A trend we love: dark food photography
Shying away from brightly lit, carefully-styled food, this darker, messier and generally moodier photography style seems to be settling in for the long haul.
Commonly known as dark photography, its more fancy name is chiaroscuro, which in delightfully contradictory Italian means ‘light-dark’. It’s actually a painting term used to describe clear contrast between light and dark, which makes sense since many of the finished shots resemble still lifes in many ways. The brand new What Katie Ate cookbook is filled to the brim with lovely examples of this style.
Food shot in this way often seems more natural, as if the viewer has opened a cupboard to find a gorgeous bunch of carrots just lying in a basket. The smidgen of mystery adds to the charm, as the whole story isn’t evident at first glance. Chiaroscuro invites us to take time and really look at an image, searching hungrily for the details.
Contrast is key. Many stylists and chefs manage to create this look by using light cutlery against a dark background and placing dark food on reflective plates to catch the light. Wood and antiques, old spoons and spilled ingredients are also often used. This rough, almost ‘medieval’ style seems to be giving well-lit and white shots that often feature a distressed wooden board a good run for their money.
Dark food photography works especially well with chocolate and pastries, as seen in this beautiful shot of chocolate ravioli from Athena Plichta:
So, how to go about taking these dimly-lit shots?
The trick seems to be shooting with natural light, which can lead to some stunning effects, if done correctly. Natural light is temperamental and leads to surprising results, depending on the time of day, weather and season. Apparently, morning and late afternoon or dusk in the summer time are the best as they offer a more gentle light.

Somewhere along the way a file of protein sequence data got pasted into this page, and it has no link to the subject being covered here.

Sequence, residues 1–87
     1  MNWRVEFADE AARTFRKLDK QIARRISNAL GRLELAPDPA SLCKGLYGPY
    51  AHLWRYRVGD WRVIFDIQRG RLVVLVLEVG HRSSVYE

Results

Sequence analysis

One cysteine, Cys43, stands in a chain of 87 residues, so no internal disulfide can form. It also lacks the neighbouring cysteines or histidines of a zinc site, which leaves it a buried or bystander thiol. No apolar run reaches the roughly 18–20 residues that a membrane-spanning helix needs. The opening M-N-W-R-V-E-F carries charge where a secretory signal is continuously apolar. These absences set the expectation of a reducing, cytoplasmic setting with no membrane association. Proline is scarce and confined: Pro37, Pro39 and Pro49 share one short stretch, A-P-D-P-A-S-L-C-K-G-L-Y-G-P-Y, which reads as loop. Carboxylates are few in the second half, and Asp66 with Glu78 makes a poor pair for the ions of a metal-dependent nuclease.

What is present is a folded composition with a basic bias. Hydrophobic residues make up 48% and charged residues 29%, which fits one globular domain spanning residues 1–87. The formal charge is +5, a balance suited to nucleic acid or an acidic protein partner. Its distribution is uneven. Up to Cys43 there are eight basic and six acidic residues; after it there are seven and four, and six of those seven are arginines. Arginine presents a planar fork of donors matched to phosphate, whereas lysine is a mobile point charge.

- dark fabric or boards
- as many old and interesting props as you can get your hands on like antique metal plates
- brown paper
- cutlery (the older the better)
- lighter fabric
- cutting boards for contrast.
An easy way to play with the light is to paint one side of a piece of thin wooden board black and the other white. This board can be placed at various angles or held in place by your trusty assistant while you take the shot, though we must warn you that dogs don’t stay still very long so learn from our mistakes and stick to humans.
Place your food next to a window, so that the light is only coming in from one side. Katie Quinn Davies uses candles in some of her images which add another element to the mood. You may want to close the curtain or blind slightly to add more shadow. In the end, it’s a game of trial and error depending on the look you are going for. Some people like to play with the exposure on a program like Photoshop after shooting but this look is all about embracing the natural light so don’t see that as an essential step. Don’t be afraid to get messy and creative with your styling, as this look isn’t about neat, orderly placement. See how Call me Cupcake topples her ice cream cone with reckless abandon? We love this picture from her blueberry cheesecake ice cream recipe.
Happy experimenting foodie photographers. Send your moody shots and tips through to us – we’d love to see them.
Katie’s images taken from What Katie Ate ~ Recipes and other bits and bobs